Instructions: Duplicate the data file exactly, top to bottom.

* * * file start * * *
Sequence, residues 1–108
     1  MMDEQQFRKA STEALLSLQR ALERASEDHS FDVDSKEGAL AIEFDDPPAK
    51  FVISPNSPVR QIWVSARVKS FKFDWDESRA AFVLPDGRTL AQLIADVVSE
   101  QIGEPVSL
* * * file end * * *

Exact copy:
Sequence, residues 1–108
     1  MMDEQQFRKA STEALLSLQR ALERASEDHS FDVDSKEGAL AIEFDDPPAK
    51  FVISPNSPVR QIWVSARVKS FKFDWDESRA AFVLPDGRTL AQLIADVVSE
   101  QIGEPVSL